The Board directs that businesses and individuals be encouraged to participate in the bidding process of the District and, toward that end, be provided an equitable procedure under which they may file bid protests.
Any actual or prospective bidder, offeror, or contractor who believes that she/he is aggrieved in connection with the solicitation or award of a contract may protest to the Superintendent. The protest shall be submitted in writing within seven (7) calendar days after such aggrieved person knows or should have known of the facts giving rise to the protest.
The Superintendent shall have authority, prior to the commencement of an action in court or any other action provided by law concerning the controversy, to settle and resolve a protest of an aggrieved bidder, offeror, or contractor, actual or prospective, concerning the solicitation or award of a contract. Reasonable notice shall be provided to all persons involved and reasonable opportunity for those persons to respond to the protest issues shall be allowed.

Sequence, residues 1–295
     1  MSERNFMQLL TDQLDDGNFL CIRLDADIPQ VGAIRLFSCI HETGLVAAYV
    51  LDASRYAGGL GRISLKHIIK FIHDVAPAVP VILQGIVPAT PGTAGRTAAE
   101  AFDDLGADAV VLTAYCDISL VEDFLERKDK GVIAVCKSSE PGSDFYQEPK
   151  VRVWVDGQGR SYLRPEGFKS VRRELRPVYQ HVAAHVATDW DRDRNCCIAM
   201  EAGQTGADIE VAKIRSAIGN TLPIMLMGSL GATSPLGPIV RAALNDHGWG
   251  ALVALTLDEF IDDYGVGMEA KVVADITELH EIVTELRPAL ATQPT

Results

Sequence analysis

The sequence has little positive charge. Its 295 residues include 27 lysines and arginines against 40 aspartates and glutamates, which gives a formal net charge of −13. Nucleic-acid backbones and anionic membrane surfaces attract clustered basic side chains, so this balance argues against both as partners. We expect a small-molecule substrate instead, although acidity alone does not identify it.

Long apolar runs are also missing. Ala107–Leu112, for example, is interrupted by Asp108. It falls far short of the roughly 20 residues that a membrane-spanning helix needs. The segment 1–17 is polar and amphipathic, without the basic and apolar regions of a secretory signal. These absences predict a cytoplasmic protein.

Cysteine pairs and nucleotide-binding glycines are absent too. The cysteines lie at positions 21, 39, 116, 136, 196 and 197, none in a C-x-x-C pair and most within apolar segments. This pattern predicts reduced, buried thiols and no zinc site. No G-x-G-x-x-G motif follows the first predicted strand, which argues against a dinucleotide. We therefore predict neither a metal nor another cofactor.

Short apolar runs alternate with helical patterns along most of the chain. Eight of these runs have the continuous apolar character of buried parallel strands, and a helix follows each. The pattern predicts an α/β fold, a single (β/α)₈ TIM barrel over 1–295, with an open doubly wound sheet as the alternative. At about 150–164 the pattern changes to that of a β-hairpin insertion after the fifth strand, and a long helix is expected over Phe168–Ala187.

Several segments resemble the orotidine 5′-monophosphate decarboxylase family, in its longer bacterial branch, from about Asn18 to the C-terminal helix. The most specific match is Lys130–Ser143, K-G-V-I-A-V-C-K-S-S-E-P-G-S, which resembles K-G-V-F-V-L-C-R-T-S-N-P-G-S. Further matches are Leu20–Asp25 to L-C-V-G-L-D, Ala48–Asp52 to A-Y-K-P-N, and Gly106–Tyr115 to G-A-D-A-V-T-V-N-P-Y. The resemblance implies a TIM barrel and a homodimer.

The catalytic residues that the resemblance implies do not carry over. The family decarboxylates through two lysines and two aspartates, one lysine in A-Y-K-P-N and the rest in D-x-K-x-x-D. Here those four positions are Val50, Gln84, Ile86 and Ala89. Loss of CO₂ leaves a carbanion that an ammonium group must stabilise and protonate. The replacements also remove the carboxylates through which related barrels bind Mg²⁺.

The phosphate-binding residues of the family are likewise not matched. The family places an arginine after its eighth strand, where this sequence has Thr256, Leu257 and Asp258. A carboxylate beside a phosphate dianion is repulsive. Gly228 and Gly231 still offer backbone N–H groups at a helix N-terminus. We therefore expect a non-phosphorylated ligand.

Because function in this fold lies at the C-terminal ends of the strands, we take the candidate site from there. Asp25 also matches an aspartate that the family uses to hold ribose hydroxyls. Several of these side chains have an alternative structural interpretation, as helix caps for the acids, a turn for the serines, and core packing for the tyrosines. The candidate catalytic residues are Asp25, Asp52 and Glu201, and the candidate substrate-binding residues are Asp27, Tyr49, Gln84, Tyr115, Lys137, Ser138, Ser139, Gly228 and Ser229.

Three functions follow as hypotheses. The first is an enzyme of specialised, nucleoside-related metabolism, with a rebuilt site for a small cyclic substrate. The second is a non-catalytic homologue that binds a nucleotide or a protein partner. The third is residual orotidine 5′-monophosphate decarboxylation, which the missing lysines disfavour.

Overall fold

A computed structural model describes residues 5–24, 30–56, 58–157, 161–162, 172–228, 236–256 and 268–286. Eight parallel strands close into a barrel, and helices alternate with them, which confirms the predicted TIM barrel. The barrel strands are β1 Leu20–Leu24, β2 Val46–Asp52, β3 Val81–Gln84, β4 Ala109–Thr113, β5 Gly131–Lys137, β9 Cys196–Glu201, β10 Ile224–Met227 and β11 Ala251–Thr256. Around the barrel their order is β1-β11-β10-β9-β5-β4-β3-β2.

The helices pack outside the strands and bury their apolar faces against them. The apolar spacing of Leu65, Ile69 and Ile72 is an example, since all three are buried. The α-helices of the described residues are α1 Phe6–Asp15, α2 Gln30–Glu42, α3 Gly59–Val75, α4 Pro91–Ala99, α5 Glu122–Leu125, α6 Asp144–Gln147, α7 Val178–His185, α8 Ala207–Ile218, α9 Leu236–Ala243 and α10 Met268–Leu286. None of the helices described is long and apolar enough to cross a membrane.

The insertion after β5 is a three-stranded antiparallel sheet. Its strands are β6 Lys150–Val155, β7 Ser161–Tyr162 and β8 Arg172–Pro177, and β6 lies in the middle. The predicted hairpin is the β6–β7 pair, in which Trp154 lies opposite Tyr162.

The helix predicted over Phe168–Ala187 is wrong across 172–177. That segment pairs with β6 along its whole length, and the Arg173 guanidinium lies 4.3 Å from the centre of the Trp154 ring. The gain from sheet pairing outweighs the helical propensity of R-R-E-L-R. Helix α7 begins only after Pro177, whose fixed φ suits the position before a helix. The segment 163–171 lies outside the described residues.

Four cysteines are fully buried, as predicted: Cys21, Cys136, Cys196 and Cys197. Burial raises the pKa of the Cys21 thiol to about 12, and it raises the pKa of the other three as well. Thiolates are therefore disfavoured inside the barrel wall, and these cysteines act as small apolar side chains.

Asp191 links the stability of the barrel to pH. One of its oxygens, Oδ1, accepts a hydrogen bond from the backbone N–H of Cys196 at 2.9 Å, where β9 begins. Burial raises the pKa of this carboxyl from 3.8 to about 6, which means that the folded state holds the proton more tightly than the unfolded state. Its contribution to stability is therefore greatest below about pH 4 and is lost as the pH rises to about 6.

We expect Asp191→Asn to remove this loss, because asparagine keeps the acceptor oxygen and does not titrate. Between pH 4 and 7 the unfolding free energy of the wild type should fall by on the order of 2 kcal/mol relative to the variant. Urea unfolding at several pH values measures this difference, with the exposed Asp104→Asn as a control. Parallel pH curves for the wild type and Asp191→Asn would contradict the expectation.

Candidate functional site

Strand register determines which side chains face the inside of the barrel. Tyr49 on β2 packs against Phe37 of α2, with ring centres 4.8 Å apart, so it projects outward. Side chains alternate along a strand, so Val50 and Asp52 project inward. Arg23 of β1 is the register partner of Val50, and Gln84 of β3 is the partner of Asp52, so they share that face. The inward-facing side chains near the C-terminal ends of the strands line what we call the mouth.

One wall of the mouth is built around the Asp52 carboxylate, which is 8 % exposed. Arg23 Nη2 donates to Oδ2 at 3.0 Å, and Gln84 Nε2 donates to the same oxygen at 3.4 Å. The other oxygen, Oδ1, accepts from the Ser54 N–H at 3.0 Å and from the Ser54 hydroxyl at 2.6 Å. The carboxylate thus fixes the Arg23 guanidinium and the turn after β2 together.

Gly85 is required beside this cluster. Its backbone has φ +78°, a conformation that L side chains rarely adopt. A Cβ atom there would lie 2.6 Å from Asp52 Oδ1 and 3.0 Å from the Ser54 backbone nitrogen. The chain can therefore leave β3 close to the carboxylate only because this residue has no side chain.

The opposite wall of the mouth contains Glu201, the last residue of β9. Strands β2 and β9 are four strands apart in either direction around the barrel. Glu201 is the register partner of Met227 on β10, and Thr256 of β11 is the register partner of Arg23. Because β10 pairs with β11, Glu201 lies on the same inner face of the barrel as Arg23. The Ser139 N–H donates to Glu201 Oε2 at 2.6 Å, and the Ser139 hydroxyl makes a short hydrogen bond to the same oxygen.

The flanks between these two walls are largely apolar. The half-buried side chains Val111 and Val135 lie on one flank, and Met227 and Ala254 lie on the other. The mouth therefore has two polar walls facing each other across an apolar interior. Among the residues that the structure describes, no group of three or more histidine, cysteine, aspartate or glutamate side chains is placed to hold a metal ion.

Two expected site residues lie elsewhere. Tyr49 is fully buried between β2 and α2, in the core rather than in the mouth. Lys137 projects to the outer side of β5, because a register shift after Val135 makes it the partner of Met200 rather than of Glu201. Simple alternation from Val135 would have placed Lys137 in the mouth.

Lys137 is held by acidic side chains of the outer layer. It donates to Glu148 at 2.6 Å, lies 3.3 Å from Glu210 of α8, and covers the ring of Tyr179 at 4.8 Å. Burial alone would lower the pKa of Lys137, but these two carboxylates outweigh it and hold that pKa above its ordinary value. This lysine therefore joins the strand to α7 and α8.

If the protest is not resolved by mutual agreement, the Superintendent shall promptly issue a decision in writing. The decision shall state the reasons for the action taken. A copy of the decision shall be mailed or otherwise furnished within five (5) days after it is written to the protestant and any other interested party. A decision rendered under this policy shall be final and conclusive.
In the event of a timely protest under this policy, the District shall not proceed further with the solicitation or with the award of the contract until the Superintendent makes a written determination that the award of the contract without delay is necessary to protect substantial interests of the District.
When the protest is sustained and the successfully protesting bidder or offeror was denied the contract award, the protesting bidder or offeror may be entitled to the reasonable costs incurred in connection with the solicitation, including bid preparation costs, upon approval of the Board of Education. The award of costs shall be allowed only to compensate a party for reasonable expenses incurred in connection with a solicitation for which that party was wrongfully denied a contract award. The costs which are allowable shall be those which the party is able to prove that are connected with the solicitation in question. No party can recover profit which it anticipates would have been made if that party had been awarded the contract. Attorney’s fees associated with the filing and prosecution of the protest are not recoverable.